Striping, of course, increases the fragility of the data distributed. Rather than being dependent on the failure probability of a single disk (for single-machine striping) or a single server (for SANs), you are now dependent on the probability of any one of a set of entities in the stripe failing (a partial file is usually useless). This probability is likely to scale roughly multiplicatively with the number of devices in the stripe, assuming their failure modes are independent.

So, we need some way to make our stripes more robust to the failure of components. Luckily, the topic of how to encode data to make it resilient against partial losses (or 'erasures'), via 'erasure codes', is an extremely well developed field indeed.
Essentially, the concept is this: take your N chunks that you have split your data into. Design a function such that, when fed N values, will output an additional M values, such that each of those M values can be independently used to reconstruct a missing value from the original set of N. (The analogy used by the inventors of the Reed-Solomon code, the most widely used erasure-code family, is of overspecifying a polynomial by more samples than its order - you can always reconstruct an order N polynomial with any N of the M samples you have.)
In fact, most erasure-codes will actually do better than that - as well as allowing the reconstruction of data known to be missing, they can also detect and correct data that is bad. The efficiency for this is half that for data reconstruction - you need 2 resilient values for every 1 unknown bad value you need to detect and fix.

If we decide how many devices we would expect to fail, we can use an erasure code to 'preprocess' our stripes, writing out N+M chunk stripes.

(The M=1 and M=2 implementations of this approach are called 'RAID5' and 'RAID6' when applied to disk controllers, but the general formulation has almost no limits on M.)

So, how do we apply this approach to Grid storage?

Well, Grid data stores already have a large degree of abstraction and indirection. We use LFCs (or other file catalogues) already to allow a single catalogue entry to tie together multiple replicas of the underlying data in different locations. It is relatively trivial to write a tool that (rather than simply copying a file to a Grid endpoint + registering it in an LFC) splits & encodes data into appropriate chunks, and then stripes them across available endpoints, storing the locations and scheme in the LFC metadata for the record.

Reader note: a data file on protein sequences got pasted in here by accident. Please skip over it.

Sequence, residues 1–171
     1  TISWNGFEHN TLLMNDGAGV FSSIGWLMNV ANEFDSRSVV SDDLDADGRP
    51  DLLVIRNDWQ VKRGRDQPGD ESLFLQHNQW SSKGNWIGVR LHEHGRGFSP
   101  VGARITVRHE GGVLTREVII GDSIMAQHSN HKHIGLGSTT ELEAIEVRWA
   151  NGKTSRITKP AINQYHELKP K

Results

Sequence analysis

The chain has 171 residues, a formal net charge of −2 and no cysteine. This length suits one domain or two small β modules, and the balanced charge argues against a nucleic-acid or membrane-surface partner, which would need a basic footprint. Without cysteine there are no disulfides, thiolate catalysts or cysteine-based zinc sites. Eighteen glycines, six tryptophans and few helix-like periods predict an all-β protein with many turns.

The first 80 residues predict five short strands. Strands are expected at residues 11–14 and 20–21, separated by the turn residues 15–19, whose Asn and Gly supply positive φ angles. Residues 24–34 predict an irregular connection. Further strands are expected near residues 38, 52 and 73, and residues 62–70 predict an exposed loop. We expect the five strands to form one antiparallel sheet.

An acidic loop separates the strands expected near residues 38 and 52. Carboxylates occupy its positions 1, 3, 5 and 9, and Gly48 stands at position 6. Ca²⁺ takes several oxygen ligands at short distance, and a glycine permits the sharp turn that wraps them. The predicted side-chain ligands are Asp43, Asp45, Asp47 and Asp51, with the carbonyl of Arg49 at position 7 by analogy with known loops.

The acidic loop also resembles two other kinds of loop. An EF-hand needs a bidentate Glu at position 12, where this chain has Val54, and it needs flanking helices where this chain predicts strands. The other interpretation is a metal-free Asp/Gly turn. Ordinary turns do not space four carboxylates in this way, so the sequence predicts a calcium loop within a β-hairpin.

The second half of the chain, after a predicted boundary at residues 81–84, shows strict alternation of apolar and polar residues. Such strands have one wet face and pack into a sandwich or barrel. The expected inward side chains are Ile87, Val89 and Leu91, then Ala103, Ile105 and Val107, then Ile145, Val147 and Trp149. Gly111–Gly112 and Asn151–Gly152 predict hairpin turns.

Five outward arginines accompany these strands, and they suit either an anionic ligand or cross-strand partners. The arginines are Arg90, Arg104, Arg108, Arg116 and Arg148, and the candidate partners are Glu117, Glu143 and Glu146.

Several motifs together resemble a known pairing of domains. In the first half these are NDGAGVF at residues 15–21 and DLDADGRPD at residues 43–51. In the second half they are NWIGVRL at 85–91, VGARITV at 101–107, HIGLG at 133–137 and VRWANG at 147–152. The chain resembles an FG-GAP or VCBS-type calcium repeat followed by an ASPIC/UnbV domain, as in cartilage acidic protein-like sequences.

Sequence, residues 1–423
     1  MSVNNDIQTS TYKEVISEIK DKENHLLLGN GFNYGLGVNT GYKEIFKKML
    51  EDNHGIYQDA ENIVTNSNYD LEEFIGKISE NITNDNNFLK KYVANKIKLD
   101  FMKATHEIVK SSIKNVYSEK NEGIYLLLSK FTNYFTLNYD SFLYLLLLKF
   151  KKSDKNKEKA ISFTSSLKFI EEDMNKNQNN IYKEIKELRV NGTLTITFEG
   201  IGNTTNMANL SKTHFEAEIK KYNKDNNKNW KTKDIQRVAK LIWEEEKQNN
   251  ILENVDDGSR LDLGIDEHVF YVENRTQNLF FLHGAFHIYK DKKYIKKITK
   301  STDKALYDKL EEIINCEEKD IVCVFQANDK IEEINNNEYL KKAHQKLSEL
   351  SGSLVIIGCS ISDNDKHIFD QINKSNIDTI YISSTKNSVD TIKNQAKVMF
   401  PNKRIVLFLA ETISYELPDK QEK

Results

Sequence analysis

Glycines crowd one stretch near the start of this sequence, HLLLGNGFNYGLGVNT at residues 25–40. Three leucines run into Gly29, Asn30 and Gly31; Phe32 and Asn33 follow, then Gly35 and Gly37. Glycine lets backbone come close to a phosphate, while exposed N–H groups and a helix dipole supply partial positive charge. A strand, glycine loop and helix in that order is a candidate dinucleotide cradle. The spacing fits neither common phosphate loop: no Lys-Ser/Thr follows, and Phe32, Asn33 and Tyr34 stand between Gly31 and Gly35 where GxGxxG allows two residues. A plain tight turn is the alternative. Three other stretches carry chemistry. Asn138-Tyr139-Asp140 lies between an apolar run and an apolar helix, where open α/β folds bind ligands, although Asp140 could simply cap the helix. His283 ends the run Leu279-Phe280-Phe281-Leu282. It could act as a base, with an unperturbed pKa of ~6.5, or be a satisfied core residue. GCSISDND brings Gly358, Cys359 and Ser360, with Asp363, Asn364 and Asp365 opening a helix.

Once we've done that, retrieving the files is a simple process, and we are able to perform other optimisations, such as getting all the available chunks in parallel, or healing our stripes on the fly (detecting errors when we download data for use).
Importantly, we do all this while also reducing the lower bound for resiliency substantially from 1 full additional copy of the data to M chunks, chosen based on the failure rate of our underlying endpoints.

This past summer, one of our summer projects was based around developing just such a suite of wrappers for Grid data management (albeit using the DIRAC file catalogue, rather than the LFC).
We're very happy with Paulin's work on this, and a later post will demonstrate how it works and what we're planning on doing next.

22 August 2014

Lambda station

So what did CMS say at GridPP33?  Having looked ahead to the future, they came up with more speculative suggestions. Like FNAL's Lambda Station in the past, one suggestion was to look again at scheduling network for transfers, what we might nowadays call network-as-a-service (well, near enough): since we schedule transfers, it would indeed make sense to integrate networks more closely with the pre-allocation at the endpoints (where you'd bringOnline() at the source and schedule the transfer to avoid saturating the channel.) Phoebus is a related approach from Internet2. 

21 August 2014

Updated data models from experiments

At the GridPP meeting in Ambleside ATLAS announced having lifetime on their files: not quite like the SRM implementation where a file could have a finite when created, but more like a timer which counts after each access. Unlike SRM, deletion when the file has been not accessed for the set length of time, the file will be automatically deleted. Also notable is that files can now belong to multiple datasets, and they are set with automatic replication policies (well, basically how many replicas at T1s are required.) Now with extra AOD visualisation goodness.

Also interesting updates from LHCb, they are continuing to use SRM to stage files from tape, but could be looking into FTS3 for this. Also discussed the DIRAC integrity checking with Sam over breakfast. In order to confuse the enemy they are not using their own GIT but code from various places: both LHCb and DIRAC have their own repositories, and some code is marked as "abandonware," so determining which code is being used in practice requires asking. This correspondent would have naïvely assumed that whatever comes out of git is being used... perhaps that just for high energy physics...

CMS to speak later.

08 August 2014

ARGUS user suspension with DPM